Juncker and his team have been working on a white paper on the future of the post-Brexit EU27, and was hoping to present his vision of Europe at the Heads of State or Government meeting, March 25 in Rome, to mark the 60th Anniversary of the signature of the Treaties of Rome, which laid the foundations for the European Union.
It was due to build on the consensus reached at the informal Bratislava Summit in September 2016 by the EU-27 Member States. The key points were to regain full control of external borders, ensure internal security and fighting terrorism, strengthen EU cooperation on external security and defense, boost the single market and offer better opportunities for young people in the EU.
However, sources in Brussels have told Sputnik he has had to postpone his white paper — under pressure from some EU leaders — and it may not see the light of day until December.
At the heart of the problem are the three upcoming elections in the Netherlands (March 15), France (April/May) and Germany (September 24), which have been dominated by rising nationalism in response to the European migrant crisis, the threat from terrorism and Islamophobia.
The issue of border control has become intensely sensitive across Europe, ever since the vast influx of migrants exposed the security failure of the Schengen open-borders system. Controversial plans by Juncker's team to distribute migrants throughout the EU on a mandatory quota basis have met with fierce resistance in many countries.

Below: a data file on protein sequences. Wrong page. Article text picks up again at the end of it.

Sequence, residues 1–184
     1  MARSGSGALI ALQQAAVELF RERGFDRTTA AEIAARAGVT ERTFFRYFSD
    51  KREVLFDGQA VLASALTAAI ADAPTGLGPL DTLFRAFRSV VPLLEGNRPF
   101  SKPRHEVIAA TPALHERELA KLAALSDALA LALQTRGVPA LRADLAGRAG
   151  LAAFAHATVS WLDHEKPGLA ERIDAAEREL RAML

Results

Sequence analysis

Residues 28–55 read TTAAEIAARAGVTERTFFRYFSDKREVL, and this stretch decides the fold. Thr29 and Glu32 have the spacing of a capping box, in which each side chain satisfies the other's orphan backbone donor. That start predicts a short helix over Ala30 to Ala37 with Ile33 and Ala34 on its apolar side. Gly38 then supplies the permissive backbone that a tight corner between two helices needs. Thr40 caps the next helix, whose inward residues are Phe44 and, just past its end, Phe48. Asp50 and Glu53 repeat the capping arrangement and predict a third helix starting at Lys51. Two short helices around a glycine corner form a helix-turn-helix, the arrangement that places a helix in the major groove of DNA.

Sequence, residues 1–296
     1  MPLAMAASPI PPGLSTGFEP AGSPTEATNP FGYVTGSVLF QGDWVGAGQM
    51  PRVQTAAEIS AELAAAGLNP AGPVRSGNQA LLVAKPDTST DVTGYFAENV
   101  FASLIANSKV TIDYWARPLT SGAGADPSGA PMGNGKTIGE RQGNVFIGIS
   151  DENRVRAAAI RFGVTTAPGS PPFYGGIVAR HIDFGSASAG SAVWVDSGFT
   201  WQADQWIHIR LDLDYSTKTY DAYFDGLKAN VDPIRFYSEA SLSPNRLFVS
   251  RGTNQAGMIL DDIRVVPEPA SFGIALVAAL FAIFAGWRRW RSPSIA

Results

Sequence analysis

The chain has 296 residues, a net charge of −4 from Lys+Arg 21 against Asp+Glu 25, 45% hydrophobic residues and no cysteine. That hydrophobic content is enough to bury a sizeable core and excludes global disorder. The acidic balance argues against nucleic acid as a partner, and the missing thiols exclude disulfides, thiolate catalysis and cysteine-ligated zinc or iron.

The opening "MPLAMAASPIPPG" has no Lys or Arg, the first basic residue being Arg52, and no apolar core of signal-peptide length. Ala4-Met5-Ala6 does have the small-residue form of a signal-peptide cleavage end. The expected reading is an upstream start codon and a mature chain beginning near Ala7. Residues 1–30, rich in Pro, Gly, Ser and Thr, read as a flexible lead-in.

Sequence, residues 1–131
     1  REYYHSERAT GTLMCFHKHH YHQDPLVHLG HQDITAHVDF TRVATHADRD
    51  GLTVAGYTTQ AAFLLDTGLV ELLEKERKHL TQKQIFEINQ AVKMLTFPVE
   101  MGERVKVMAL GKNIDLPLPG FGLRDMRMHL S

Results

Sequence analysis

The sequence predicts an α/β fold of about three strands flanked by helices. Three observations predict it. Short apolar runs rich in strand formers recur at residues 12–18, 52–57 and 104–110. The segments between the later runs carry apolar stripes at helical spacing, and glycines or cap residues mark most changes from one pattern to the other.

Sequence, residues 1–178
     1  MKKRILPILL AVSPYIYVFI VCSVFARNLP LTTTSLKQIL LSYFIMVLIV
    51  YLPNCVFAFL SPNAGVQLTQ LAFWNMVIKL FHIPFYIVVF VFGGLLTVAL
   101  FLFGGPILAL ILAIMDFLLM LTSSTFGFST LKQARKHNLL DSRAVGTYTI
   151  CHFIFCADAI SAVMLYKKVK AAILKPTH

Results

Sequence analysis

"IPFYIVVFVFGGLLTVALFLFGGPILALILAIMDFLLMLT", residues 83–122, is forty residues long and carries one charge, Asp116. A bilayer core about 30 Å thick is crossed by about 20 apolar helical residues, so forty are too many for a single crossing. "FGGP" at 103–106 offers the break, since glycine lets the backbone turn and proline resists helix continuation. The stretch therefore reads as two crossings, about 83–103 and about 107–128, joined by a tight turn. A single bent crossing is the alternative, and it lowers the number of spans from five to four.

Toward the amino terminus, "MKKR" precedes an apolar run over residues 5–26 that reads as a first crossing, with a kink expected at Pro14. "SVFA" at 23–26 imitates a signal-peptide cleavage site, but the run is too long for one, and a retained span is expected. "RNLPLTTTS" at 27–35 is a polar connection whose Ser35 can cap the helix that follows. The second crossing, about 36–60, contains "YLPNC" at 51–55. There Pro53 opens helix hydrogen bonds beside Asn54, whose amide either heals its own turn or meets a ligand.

If Juncker were to launch his vision for a new EU — which involves a "political commission," as he put it in his state of the union address, September 2016 — and one which strives for even closer union, it would put him at odds with some member states — notably Germany, where Chancellor Angela Merkel is pushing for a multi-speed EU. It would also stoke-up anti-EU sentiment, which is already on the rise.
Moreover, the Merkel-Juncker relationship has turned chilly after the commission president warned that Britain would have to pay a "hefty" price for leaving the EU.
"Our British friends need to know — and they know it already — that it will not be cut-price or zero-cost. The British will have to respect the commitments which they played a part in agreeing. Therefore, the bill will be — to use a rather vulgar term — very hefty. It will be necessary for the British to respect commitments which they freely entered into," Juncker told the Belgian parliament.
However, in a sign that Berlin was unhappy with this threat — ahead of Britain triggering the formal method of leaving the EU — Stephan Mayer, a member of the German Parliament for Merkel's sister CSU party, told the BBC that while Brexit would be "expensive for both the UK and the EU", much would depend on which EU program the UK continued to participate in.
"I am not so happy with this aggressive line. I am convinced that Germany has a special interest in stable and good relationships with the UK. I fear in a certain way that this harsh pressure, which is put by the European Commission on the UK, is not in Germany's interests," he told BBC Radio 4's Today program.
Juncker's vision for a new EU will now have to be put on hold until the Dutch, French and German elections are over and the Brexit talks have begun. By that time, his white paper may well be out of date. Or Juncker might even be out of a job, if media reports of his demise are to be believed.